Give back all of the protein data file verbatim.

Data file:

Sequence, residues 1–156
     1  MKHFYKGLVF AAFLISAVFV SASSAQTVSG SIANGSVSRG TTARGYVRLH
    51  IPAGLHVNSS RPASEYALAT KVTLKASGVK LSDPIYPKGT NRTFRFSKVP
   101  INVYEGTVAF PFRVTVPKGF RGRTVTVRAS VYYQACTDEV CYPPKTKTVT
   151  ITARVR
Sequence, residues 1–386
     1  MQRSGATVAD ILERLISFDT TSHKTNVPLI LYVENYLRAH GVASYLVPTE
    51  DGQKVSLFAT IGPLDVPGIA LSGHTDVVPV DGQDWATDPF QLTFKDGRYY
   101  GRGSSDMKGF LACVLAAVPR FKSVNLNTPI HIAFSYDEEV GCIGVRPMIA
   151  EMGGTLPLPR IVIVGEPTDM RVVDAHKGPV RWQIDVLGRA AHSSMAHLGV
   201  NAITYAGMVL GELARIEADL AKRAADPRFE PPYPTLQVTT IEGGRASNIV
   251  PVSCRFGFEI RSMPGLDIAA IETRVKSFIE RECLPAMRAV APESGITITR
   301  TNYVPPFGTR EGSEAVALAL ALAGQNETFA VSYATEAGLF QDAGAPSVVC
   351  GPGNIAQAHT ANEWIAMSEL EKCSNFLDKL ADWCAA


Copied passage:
Sequence, residues 1–156
     1  MKHFYKGLVF AAFLISAVFV SASSAQTVSG SIANGSVSRG TTARGYVRLH
    51  IPAGLHVNSS RPASEYALAT KVTLKASGVK LSDPIYPKGT NRTFRFSKVP
   101  INVYEGTVAF PFRVTVPKGF RGRTVTVRAS VYYQACTDEV CYPPKTKTVT
   151  ITARVR
Sequence, residues 1–386
     1  MQRSGATVAD ILERLISFDT TSHKTNVPLI LYVENYLRAH GVASYLVPTE
    51  DGQKVSLFAT IGPLDVPGIA LSGHTDVVPV DGQDWATDPF QLTFKDGRYY
   101  GRGSSDMKGF LACVLAAVPR FKSVNLNTPI HIAFSYDEEV GCIGVRPMIA
   151  EMGGTLPLPR IVIVGEPTDM RVVDAHKGPV RWQIDVLGRA AHSSMAHLGV
   201  NAITYAGMVL GELARIEADL AKRAADPRFE PPYPTLQVTT IEGGRASNIV
   251  PVSCRFGFEI RSMPGLDIAA IETRVKSFIE RECLPAMRAV APESGITITR
   301  TNYVPPFGTR EGSEAVALAL ALAGQNETFA VSYATEAGLF QDAGAPSVVC
   351  GPGNIAQAHT ANEWIAMSEL EKCSNFLDKL ADWCAA